Updated: Oct 10, 2021
If you have ever been in a long term relationship, like marriage, you have probably discovered that you are an idiot. And if you can admit it, then you are just like me, and you might just make it.
Thats right, you might just make it because you can recognize that you have a problem, not just your partner. You always have a part to play in building and destroying your relationships. Some of you reading this may not understand this just yet, which sucks because there is a chance you will always play the victim, and will keep cycling through one relationship after the next. Don't get me wrong, it is pretty great to be a victim because you can pass off responsibilities, and posture as better than others while feeding your over inflated ego and simultaneously masking your insecurities. Maybe the best part is, you are able to manipulate people to feel sorry for you while captivating the conversations with how terrible your life has been, thus instigating the listeners savor mentality - which is very effective for drawing in new relationships, but not great for keeping them.
You see, any good relationship is built from a solid foundation, but any good builder, without exception, makes mistakes then works to fix them if they want to be trusted. The wise will understand this, but those still protecting their ego will not, and they will likely continue to project emotional responsibility onto others (Gaslighting?), which ultimately makes them powerless. However, if you can look within and take responsibility you won't have to remain powerless over your emotions or your relationships.
A good way to start this process of is to heed the wisdom of those that came before you, and to identify your role in the problems you have. One source I like to draw wisdom from is the biblical writings, and whether you are a believer in God or not, wisdom is wisdom! It is prudent to draw inspiration from it wherever we can. Like this paraphrased passage from Matthew 7:24-27 - A wise man hears the word of God and builds his foundation on solid rock and a fool rejects the word and builds his house on sand to be easily destroyed by the passing storms. In other words when we reject wisdom and personal responsibility, we are easily destroyed, as will be our most precious relationships. If our goal is to keep the things we want the most, like our relationships, then heed this wisdom - Own your part and stop blaming others!
I admit, this call to become responsible for your own experiences may seem a bit counter culture these days. So much of our media (in its many forms) seems to promote, even in the elite sense, that others is are obviously at fault and they should be shamed and guilted in to submission. Don't get me wrong, I am not saying that one shouldn't stand for their beliefs, I am simply suggesting that we would do well to not buy into the cultural model for change - It simply does not work! If you think I am wrong consider if you used these blaming tactics with a spouse? You wouldn't be married long. Or what about with a child? You would crush them, and eventually they would reject you and possibly themselves which is worse. This is not good! - If you have already experienced such pride then you already know.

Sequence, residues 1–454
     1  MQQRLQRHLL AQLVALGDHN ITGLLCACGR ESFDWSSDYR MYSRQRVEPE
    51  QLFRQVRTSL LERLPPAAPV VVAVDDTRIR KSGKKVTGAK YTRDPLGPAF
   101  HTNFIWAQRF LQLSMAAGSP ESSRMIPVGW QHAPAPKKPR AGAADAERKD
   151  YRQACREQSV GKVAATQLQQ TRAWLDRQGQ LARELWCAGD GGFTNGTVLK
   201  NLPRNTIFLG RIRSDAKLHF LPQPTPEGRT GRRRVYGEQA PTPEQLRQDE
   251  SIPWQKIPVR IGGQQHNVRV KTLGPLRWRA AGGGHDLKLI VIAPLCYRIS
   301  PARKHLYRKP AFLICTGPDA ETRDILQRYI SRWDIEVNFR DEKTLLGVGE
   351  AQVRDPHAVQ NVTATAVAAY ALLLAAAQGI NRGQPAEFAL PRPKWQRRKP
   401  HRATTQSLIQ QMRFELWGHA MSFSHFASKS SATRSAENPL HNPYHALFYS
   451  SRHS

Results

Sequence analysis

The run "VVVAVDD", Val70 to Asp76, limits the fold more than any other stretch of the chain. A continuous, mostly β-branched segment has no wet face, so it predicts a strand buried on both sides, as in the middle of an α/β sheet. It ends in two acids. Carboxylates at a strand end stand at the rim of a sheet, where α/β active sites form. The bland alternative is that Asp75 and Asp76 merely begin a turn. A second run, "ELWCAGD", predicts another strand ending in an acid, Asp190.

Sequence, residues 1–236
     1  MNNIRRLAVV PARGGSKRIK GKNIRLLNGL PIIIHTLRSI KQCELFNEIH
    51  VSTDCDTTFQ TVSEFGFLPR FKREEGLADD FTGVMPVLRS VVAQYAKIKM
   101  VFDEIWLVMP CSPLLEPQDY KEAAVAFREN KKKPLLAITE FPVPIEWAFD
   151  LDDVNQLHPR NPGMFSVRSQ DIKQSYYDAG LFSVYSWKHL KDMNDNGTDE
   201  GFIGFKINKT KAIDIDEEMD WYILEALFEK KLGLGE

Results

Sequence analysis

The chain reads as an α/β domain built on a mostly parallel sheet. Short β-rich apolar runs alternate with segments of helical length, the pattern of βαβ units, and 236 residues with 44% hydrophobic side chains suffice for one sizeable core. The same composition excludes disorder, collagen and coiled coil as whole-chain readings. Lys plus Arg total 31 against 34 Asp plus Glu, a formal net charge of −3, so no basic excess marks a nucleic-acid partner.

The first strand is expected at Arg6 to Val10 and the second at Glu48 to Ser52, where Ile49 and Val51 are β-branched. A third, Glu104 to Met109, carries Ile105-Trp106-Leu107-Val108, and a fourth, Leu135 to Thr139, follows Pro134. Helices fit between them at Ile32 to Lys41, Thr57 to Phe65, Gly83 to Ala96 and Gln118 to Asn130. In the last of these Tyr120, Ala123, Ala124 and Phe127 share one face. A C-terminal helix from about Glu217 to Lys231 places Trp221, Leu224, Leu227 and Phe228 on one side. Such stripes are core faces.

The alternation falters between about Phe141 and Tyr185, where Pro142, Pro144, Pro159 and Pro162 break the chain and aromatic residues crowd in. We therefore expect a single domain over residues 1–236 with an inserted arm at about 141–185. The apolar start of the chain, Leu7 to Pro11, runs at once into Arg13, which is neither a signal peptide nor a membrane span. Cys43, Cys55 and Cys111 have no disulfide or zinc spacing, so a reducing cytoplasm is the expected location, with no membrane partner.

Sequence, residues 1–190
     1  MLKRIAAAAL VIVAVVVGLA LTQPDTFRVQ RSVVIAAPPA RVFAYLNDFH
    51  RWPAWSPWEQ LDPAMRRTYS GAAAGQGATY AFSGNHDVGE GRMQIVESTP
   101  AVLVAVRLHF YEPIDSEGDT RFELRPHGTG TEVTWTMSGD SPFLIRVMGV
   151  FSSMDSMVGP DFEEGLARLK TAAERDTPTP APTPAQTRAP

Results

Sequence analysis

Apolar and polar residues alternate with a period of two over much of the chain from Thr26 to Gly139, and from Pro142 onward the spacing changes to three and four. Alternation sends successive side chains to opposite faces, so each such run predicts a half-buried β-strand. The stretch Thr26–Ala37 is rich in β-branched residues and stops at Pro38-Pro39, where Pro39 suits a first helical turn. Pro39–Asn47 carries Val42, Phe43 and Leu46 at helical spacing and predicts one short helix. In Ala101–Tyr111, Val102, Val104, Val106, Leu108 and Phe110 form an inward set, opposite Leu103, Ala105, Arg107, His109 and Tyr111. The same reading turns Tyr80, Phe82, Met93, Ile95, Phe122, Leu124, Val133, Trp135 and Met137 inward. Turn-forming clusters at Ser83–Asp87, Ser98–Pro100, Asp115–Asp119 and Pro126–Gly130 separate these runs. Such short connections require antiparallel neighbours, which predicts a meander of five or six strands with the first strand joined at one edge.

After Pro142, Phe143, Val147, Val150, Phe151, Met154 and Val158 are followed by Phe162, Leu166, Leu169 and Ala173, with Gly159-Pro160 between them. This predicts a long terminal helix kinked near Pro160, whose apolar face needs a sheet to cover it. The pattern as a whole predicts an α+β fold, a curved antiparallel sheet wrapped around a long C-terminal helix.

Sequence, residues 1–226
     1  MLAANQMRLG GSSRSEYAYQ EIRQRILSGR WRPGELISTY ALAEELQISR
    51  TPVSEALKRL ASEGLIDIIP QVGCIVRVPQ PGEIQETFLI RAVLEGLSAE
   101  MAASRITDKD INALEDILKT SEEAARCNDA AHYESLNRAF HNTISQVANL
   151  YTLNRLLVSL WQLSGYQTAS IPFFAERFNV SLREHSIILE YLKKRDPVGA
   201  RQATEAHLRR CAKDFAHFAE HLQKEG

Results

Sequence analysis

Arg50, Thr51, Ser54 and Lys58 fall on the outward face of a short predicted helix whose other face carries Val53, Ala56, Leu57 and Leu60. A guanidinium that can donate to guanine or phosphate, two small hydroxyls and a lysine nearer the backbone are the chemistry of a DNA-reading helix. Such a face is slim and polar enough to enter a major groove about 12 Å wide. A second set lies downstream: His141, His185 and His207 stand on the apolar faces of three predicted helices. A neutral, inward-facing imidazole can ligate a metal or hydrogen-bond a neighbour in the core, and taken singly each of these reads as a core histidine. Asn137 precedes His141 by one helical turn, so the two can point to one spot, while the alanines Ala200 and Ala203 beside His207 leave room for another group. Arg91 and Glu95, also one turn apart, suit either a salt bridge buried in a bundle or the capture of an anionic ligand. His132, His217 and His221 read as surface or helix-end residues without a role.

If you are with me so far, and have some interest in taking power back in your life, then consider the following:
Do I want to be right or have a relationship?
This is a good question to start with as it will force you to stop the argument and consider what matters most. If it is your pride than the relationship will not last. If it's the relationship then start practicing "active listening skills" (YouTube it if you're not sure what it is). Take turns in sharing your side of the story, practice letting the other go first. Remember, this doesn't mean that you agree with anything, you are simply giving space for understanding and respect. Given time and practice this is likely to be reciprocated because you are changing your patterns and building trust. If you notice your partners issues, which I am sure you will, let the them worry about their own patterns, at least until they are ready to trust you. Remember trust is not something we just give or get, it is earned over time, just like building a solid foundation.
Is this a cure all? Of course not. Could I expand on points? Of course. But how do you eat an elephant? One bit at a time. Yes, this is a weird old adage, but the truth is you are not able to change all relational problems all at once. So, start with the what works, the basics, and you are likely to become less of an idiot.
Most relationships are often reasonable enough failures to invest in. So no-matter how many times you fail, reflect, learn and try it again.
Author: Eddie Eccker, MS, LMFT